Wednesday, August 4, 2010

Matric etc. 2010: 'Never Neglect Small Beginnings'

In the Matric etc. issue of 2010, my article 'Never Neglect Small Beginnings' was published on page 3. The magazine has been distributed everywhere in Bloemfontein.

Also, on page 22 there's an advertisement of Angels - I'm the model.

Here's the article that was published on page 3:


“Do you live in a huge castle?” the little girl asked me. “Is it pink – like your dress?”
Her 8-year-old friend stood next to her, wide-eyed. “You look just like Barbie!”

All I could do was smile.

I wasn’t always the Miss Deaf South Africa that you know right now. The Miss Deaf South Africa that you see is one who appears regularly in the media. The Miss Deaf South Africa that you see always looks at her best. The Miss Deaf South Africa that you see isn’t afraid to speak in front of thousands of people...

It wasn’t always this way. While in high school, I didn’t know what I wanted to do with my life. I also had this huge fear of speaking in front of my class – I would choke back on my words. I felt painfully aware of my own insignificance. I loved reading books, though – so much that I decided my profession in life would be to become a librarian. My first job was when I was 11 years old. I started off by working in the local library for 4 hours every Saturday morning, and I loved it. But soon I got bored, thinking there’s gotta be something more to my life than just rearranging books on a shelf... I needed a new challenge.

My next job was while I was in matric. I waitressed at Emoja Estate’s Spookhuis. It was a hard job full of long hours, aching feet and unfair tips. But I developed my people skills tremendously. I learnt how to respond when the customers are rude, and I also learnt about self-control: your work won’t always be fun, but what matters is that you should just keep on going. I started with a 2-years-writer’s course over the internet – during that time I managed to publish 70 of my articles in magazines and on websites – nationally & internationally. After that, I entered for the Miss Deaf South Africa 2008. I didn’t win, but I was crowned 1st Princess and Miss Personality. The year after that, in 2009, I entered again. This time around, I brought the crown back home.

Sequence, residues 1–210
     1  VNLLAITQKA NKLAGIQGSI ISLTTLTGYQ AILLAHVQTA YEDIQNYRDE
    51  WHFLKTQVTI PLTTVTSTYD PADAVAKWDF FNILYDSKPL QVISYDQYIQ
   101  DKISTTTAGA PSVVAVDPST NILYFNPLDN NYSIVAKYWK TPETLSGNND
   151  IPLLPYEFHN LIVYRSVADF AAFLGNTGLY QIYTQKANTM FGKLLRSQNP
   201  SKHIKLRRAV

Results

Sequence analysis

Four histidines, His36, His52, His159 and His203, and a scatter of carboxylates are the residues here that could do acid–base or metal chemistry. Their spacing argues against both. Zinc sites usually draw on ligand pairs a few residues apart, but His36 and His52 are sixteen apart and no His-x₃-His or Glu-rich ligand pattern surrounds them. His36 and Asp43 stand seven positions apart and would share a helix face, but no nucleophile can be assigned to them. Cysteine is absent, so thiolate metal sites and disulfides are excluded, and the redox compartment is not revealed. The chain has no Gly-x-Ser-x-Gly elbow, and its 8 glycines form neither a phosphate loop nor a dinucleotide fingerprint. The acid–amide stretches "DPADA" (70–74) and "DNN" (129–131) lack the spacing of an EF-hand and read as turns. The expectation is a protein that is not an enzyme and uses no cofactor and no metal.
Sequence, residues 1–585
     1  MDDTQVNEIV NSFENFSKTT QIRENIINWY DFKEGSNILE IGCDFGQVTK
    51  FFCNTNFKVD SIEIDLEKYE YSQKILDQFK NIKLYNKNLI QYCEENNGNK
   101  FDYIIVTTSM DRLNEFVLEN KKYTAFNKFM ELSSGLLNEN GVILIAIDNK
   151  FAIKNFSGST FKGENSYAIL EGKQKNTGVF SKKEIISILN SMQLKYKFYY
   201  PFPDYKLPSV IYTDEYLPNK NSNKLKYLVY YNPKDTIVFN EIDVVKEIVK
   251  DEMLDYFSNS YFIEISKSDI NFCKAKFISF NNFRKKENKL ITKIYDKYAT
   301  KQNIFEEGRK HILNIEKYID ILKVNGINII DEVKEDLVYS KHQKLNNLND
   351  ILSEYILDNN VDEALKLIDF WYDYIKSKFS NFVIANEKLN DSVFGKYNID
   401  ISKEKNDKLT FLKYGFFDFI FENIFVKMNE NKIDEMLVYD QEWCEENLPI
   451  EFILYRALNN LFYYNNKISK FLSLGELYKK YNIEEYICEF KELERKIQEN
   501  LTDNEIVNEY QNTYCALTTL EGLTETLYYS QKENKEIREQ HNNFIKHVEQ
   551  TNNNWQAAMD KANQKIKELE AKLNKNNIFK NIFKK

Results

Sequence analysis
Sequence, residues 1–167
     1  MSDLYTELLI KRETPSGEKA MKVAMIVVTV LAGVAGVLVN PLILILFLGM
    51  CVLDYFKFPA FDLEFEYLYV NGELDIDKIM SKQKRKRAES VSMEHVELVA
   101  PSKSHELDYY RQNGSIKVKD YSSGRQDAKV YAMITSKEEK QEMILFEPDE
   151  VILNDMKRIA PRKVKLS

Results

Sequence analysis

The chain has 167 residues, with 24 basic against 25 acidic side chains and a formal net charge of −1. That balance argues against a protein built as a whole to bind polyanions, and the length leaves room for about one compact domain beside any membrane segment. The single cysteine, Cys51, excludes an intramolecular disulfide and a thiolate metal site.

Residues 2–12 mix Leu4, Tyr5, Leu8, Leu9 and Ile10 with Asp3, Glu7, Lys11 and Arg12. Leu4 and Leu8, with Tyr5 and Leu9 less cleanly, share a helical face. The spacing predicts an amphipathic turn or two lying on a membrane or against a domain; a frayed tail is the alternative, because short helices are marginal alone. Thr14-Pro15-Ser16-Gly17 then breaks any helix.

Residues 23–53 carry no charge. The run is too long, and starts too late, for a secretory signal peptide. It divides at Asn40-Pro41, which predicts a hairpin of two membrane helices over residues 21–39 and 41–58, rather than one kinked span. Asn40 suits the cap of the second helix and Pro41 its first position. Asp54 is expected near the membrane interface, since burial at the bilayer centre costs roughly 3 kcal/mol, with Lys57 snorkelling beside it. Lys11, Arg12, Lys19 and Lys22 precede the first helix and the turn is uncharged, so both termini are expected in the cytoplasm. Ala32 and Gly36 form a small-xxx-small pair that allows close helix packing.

Doors and windows started to open after I won the title. Opportunities came, and I was surprised by the turn my life took...

I realized that everybody needs to start somewhere, be it amongst the shelves of the quiet library or the bustling activity amongst chefs, managers and customers. That’s where I started, and I still ended up in a completely different place. Currently I am a motivational speaker at schools and functions, and if you had told me a few years back that this is what I’d be doing, I would’ve laughed in your face and said, “There’s no way I can do that.”

Even though I don’t live in a pink castle and even though I don’t always wake up looking like Barbie, I know that my life is in the Lord’s hands. It’s not in my hands or the future boss’s hand. I can be content in where I am today, for I know God was there with me in the past, and He’s already in the future. All I need to do is make sure that I have a living relationship with Him right now – in this present.

You, the class of 2010, are finishing an important phase in your life – high school with all its dramas and traumas. When you enter the grown-up world, you will undoubtedly start at the bottom. Eventually you will work your way up. It might look grey and unwelcoming at first, and it might discourage you. Maybe you know where you want to end up – don’t get impatient. The key is to get a picture of where you would like to be, and then make choices that compliments that picture. Enjoy the ride – life is full of surprises and it might take you where you never intended to be...

My question to you – young man and young woman – is where will you end up...?

Go grab the nearest copy of Matric etc. 2010 if you live in Bloemfontein (it's for free)!


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